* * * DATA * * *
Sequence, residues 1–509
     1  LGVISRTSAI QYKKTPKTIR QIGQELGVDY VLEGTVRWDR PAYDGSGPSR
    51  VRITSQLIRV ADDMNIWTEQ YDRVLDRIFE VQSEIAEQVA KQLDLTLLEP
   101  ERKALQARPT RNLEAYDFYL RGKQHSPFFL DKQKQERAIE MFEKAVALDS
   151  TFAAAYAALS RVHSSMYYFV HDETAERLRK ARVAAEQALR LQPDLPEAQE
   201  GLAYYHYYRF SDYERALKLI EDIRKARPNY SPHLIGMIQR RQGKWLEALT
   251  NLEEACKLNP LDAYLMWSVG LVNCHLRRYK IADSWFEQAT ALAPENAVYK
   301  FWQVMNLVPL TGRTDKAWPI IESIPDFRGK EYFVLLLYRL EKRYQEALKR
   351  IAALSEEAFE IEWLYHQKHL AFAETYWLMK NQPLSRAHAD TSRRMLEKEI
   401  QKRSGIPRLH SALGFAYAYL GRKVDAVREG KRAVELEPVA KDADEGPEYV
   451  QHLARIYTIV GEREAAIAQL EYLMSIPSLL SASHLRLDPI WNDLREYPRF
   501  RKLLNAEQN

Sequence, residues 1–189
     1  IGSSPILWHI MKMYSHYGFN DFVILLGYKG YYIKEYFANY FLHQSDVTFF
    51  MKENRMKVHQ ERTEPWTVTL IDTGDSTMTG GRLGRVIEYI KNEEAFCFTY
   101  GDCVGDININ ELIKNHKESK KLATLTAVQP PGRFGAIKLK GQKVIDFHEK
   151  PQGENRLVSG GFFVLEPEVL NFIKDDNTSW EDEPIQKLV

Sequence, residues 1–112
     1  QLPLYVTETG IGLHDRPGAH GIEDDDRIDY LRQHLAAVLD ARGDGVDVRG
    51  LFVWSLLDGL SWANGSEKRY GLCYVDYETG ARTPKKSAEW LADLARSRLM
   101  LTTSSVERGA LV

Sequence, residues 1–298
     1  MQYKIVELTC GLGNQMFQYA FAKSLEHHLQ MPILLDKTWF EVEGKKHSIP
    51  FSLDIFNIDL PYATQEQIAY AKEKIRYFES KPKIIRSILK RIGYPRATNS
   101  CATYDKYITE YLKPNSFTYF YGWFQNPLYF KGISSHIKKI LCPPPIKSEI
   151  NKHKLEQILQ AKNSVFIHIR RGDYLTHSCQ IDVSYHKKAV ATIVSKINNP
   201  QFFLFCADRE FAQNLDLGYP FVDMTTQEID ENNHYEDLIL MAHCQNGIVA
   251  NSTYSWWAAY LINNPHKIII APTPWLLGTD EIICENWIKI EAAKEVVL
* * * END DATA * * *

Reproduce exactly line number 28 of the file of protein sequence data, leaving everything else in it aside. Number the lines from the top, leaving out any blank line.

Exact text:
   251  NSTYSWWAAY LINNPHKIII APTPWLLGTD EIICENWIKI EAAKEVVL